10 February 2007 | DICK STEEL
A Nutshell Review: The Matrimony
I usually get perturbed when I watch movies with Hong Kong actors, because our Speak Mandarin campaign here dictates that these movies if in Cantonese have to be dubbed into Mandarin. Add to the fact that most times, the audio and lip movements on screen rarely sync, besides the frequent use someone with a poor voice quality that results in the stars coming across with squeaky or irritating voices. No such situation in this Chinese horror movie production because the cast are speaking in Mandarin, and this somehow earns some brownie points.
The Matrimony, like the name implies, focuses a lot more on relationships and love, with the supernatural angle adding that extra dimension to complicate matters. It is not a horror movie per se, but a tragic love story that has its characters perpetually stuck with their various issues. Leon Lai stars as cinematographer Shen Junchu, a man who can't forget his true love, living in a state of denial and guilt. Fan Bingbing plays Xu Manli, that love of his who now belongs to the netherworld, but still trying her best to make contact, and rounding up the main cast is Rene Liu as Sansan, the present wife of Jinchu, stuck in a loveless unconsummated marriage, looking too for ways to reach out to him.
While there are moments initially where the usual complimentary attempts at scaring the audience are put through the motions, like creaky doors, quick edits, camera pans and sudden appearances, these tactics are soon abandoned when the story decided to contrast that affections of these two women have for their man. It's about unattainability, and the methods employed to try and bridge that gap. To Manli, it is obvious that her appearance and touch will harm Junchu, and for Sansan, it's clear that nursing that crush you have without that emotional connection made both ways, is futile. So a pact between them is made, at first seemingly to benefit Junchu, but later revealed to be much more than meets the eye.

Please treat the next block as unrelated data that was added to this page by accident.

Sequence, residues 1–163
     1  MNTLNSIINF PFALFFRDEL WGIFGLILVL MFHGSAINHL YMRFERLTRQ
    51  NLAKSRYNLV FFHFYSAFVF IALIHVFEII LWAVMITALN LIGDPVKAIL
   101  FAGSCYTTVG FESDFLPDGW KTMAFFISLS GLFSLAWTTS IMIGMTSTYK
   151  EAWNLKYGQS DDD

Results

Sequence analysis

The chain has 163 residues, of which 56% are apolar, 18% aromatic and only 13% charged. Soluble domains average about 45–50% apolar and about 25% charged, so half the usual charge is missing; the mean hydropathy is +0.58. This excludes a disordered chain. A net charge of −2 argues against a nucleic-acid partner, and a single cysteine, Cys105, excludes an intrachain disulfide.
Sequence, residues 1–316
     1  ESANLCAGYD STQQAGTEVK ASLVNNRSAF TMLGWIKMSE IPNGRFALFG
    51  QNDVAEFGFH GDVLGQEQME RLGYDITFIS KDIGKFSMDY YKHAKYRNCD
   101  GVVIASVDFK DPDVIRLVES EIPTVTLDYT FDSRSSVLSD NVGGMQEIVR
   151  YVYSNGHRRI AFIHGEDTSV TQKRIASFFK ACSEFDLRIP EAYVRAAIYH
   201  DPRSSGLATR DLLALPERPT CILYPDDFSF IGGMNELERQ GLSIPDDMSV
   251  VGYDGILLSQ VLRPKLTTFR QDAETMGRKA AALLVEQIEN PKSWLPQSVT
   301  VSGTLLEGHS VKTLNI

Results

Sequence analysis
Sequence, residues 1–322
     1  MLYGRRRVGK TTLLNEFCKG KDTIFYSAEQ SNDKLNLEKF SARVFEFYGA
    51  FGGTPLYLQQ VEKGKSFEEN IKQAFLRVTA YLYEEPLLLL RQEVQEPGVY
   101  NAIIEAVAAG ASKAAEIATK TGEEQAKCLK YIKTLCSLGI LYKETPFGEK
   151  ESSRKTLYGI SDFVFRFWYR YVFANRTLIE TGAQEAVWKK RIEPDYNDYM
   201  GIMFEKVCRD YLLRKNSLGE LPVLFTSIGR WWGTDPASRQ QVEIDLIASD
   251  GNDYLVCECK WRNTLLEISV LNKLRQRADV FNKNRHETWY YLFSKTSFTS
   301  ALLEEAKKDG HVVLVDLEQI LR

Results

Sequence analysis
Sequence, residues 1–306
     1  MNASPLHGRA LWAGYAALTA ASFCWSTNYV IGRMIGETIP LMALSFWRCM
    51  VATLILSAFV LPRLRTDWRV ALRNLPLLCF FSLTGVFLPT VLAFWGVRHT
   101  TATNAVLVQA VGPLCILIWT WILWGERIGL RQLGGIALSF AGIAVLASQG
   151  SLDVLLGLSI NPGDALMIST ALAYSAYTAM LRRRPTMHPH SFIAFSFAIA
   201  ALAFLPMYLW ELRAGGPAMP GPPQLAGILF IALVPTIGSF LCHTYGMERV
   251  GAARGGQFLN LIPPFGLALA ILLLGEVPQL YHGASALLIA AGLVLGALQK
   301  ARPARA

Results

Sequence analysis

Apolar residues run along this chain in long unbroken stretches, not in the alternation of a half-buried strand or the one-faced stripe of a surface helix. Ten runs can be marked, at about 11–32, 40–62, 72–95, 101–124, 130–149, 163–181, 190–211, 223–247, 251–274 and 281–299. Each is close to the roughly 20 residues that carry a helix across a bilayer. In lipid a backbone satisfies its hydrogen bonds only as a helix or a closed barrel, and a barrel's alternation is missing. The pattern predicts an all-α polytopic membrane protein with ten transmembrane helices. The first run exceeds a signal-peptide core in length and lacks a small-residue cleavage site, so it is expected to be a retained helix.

There's nothing fancy to the story as it plays out rather ordinarily, but to its credit it stays coherent, and brings about the storytelling days of old. There isn't any twist save for what I deem as cop-out wrapper scenes which, if you ignore them being used as bookends, actually makes for a refreshing experience given that horror movies these days are always so clichéd with the unexpected (and usually disappointing) ending. The narrative rarely gets over the top or too full of itself, and thus the beauty in its simplicity.
But there is nothing simple in terms of production values. The film sets are lush and gorgeous, and no effort made to try and match the authenticity of yesteryears, making it a beautiful film to look at. The only thorn that marred the visual spectacle, was a crucial scene, which I thought could have either be done away with, or done conventionally. Instead, it decided to use visual effects, and it was badly done and cheesy. Not that the quality of the effects were limited, as later scenes were done to perfection, but I guess for this particular one, some quality control was abandoned. The movie started off rather slow but thankfully picked up the pace as it moved along, and you won't feel bored as your eyes will be admiring almost everything on set in the scene.
I deem Rene Liu as having the most to do here, as surprisingly, much of the story revolves around her character Sansan, also in having the richest backstory created amongst the three, thus attempting to challenge her acting range. Leon Lai was stoned for most parts, while Fan Bingbing was largely scheming, given the age old superstition that any spirit clad in red is the most vicious.
Given Valentine's Day just around the corner, I'd probably stick my neck out to say that this makes a decent date movie too, despite the secondary subject of spirits and ghostly possession. Just remember not to play with fire, that rarely is there a free lunch, especially when the dealmaker isn't from this part of existence.